It's that time of the year again when snuffles, sneezes and coughs invade schools, playgrounds and homes around the country. In fact, due to their vulnerable immune systems, children can catch as many as seven to ten colds a year leaving many parents feeling frustrated as they attempt to ease their distress. Recurring colds in childhood is part of growing up and often happens when the body comes into contact with viruses for the first time. Even though a child may suffer from 'cold' symptoms, their body will be producing antibodies to these common infections which will stand them in good stead in later years.
In the meantime, you can help ease your child's pain. TV presenter and GP, Dr Hilary Jones offers his expert advice. “Paracetamol has been around for a long time and many mums remember having it as a child themselves, however, it’s not the only option," he says. "It's important parents understand ibuprofen can be just as effective in treating pain and fever symptoms in children. Plus, because ibuprofen also has anti-inflammatory properties, it can be very helpful for treating inflammation associated with conditions such as teething and earache.”
For many parents, the thought of using ibuprofen over paracetamol seems extreme. But according to Dr Hilary that is not the case as he addresses some of the most common misconceptions about the two pain relievers.
- Paracetamol is more effective than ibuprofen at reducing fever. False – Both paracetamol and ibuprofen are equally effective at reducing fever; however nothing works faster or for longer to relieve a fever than ibuprofen.
- Ibuprofen lasts longer thanparacetamol in fever relief. True – Ibuprofen is clinically proven to provide fever relief for up to 8 hours.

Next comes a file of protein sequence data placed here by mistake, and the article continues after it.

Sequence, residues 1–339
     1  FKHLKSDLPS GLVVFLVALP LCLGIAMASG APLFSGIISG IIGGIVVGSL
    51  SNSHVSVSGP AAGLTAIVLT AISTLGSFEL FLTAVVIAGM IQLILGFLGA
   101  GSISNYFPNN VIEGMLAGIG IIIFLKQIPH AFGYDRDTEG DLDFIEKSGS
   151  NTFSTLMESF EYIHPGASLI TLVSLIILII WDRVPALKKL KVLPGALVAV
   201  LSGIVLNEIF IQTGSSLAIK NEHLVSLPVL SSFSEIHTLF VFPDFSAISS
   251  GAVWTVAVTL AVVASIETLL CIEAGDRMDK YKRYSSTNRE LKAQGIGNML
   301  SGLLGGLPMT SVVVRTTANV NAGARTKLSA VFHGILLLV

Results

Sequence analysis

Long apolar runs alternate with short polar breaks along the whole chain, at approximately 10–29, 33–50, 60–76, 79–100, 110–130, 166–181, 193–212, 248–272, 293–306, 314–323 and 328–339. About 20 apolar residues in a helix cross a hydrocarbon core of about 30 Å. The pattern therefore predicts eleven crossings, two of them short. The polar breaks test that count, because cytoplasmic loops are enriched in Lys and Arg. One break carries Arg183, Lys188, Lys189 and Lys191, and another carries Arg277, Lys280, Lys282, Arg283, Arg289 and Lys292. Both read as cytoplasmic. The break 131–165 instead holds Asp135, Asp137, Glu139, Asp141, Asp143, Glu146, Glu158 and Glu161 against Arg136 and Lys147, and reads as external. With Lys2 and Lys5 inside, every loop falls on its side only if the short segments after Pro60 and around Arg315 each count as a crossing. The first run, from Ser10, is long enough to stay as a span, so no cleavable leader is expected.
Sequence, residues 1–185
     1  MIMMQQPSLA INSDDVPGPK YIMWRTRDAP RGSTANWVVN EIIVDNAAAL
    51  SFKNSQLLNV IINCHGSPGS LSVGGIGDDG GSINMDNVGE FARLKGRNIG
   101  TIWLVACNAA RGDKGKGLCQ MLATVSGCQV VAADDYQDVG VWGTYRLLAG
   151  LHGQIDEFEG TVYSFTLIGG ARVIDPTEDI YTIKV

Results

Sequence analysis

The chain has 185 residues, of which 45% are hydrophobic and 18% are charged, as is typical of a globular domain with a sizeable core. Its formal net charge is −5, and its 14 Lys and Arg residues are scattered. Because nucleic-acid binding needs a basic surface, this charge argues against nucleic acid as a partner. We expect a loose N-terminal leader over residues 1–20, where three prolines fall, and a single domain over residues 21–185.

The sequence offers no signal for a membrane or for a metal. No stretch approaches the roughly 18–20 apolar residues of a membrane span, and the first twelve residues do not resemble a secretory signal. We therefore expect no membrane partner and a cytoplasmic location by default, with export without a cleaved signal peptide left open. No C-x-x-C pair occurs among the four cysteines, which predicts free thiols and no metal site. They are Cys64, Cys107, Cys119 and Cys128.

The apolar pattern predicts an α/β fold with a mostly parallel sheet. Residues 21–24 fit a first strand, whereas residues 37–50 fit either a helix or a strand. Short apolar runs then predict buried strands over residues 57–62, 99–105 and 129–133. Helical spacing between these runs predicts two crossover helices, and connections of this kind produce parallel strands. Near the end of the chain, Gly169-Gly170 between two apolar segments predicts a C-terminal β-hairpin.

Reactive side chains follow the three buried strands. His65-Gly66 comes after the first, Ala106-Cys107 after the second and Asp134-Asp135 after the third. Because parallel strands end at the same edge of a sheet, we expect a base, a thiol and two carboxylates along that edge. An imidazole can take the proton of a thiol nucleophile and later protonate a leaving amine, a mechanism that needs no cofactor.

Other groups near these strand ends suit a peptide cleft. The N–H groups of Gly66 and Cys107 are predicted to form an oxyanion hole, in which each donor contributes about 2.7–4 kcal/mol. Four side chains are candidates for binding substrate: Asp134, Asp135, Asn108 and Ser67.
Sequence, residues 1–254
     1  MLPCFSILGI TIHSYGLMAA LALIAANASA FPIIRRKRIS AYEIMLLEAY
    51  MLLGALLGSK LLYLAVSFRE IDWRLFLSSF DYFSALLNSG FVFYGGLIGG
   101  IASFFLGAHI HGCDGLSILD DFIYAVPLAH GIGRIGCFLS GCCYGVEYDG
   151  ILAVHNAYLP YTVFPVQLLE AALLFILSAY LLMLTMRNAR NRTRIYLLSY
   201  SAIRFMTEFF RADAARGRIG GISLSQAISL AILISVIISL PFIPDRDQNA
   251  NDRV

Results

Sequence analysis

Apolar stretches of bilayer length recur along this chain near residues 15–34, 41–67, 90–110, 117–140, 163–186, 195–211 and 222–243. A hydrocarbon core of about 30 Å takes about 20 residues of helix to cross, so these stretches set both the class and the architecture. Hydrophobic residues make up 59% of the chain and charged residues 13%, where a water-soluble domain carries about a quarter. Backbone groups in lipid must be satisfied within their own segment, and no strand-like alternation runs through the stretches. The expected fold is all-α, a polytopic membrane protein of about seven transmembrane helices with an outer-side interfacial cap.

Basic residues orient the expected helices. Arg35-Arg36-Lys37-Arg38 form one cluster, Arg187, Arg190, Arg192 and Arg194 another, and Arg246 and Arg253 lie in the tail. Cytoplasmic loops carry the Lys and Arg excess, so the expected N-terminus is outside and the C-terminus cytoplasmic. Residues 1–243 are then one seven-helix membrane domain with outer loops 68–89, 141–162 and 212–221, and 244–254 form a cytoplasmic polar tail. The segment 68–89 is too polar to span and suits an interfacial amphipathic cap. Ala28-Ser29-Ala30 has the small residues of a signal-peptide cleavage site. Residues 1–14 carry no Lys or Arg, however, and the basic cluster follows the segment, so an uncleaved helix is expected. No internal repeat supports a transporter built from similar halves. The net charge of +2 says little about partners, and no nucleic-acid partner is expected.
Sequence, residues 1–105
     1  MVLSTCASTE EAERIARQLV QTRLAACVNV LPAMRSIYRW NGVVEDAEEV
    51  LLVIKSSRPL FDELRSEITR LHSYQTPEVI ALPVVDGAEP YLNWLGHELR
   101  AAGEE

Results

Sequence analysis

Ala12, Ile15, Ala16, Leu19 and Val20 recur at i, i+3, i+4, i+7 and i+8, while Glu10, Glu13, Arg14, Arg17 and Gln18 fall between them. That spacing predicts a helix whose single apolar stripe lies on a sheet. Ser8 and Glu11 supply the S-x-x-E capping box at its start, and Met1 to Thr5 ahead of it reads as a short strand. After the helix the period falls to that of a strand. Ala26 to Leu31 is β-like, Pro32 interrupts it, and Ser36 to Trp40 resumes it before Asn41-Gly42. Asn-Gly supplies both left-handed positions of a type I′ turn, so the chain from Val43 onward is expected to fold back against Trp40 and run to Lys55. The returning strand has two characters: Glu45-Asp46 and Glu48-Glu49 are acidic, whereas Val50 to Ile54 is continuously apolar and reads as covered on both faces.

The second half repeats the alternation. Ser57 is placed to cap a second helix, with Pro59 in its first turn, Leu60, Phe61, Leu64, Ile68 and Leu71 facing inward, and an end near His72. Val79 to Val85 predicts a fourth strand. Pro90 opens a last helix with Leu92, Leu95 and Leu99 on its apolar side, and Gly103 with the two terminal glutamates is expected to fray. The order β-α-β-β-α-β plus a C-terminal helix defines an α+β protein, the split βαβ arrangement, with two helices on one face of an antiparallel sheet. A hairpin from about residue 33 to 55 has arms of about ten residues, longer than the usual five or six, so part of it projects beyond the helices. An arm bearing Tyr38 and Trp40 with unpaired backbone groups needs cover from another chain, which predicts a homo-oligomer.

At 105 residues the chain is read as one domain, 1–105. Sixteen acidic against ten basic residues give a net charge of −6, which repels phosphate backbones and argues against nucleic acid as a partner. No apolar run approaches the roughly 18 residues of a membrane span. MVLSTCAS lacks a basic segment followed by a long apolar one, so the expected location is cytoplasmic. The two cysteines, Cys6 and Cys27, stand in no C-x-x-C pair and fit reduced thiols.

- Paracetamol is not as harshas ibuprofen for infants and children. False – Ibuprofen is gentle enough to use for children from 3 months and weighing over 5kg.
- Ibuprofen is an anti-inflammatory. True – Ibuprofen has anti-inflammatory properties and works to relieve inflammation caused by conditions such as teething and earache. If your child does get struck down with a bug this winter there are a number of ways you can identify whether they have picked up a cold or are suffering with the flu.
Common cold symptoms:
- Mild fever
- Sore throat
Symptoms usually last two to four days.
Typical flu symptoms:
- High fever (usually 39ºC or above)
- Intense muscle pains
- Loss of appetite
- Cough and sometimes a blocked nose and sore throat
Symptoms can last a week or more and possible complications include pneumonia.
How to relieve associated pain and fever
Colds - Most colds don't need specific treatment other than pain relief and simple measures such as decongestant rubs or vaporisers. Antibiotics are of no benefit.
Flu - Children with flu can be given similar treatments, with lots of rest, medicine to bring down any fever and plenty of fluids to avoid dehydration. You can also try a children's medicine which offers pain relief, such as Nurofen for Children which can help bring down a fever and is gentle enough to use on babies 3 months and weighing over 5kg.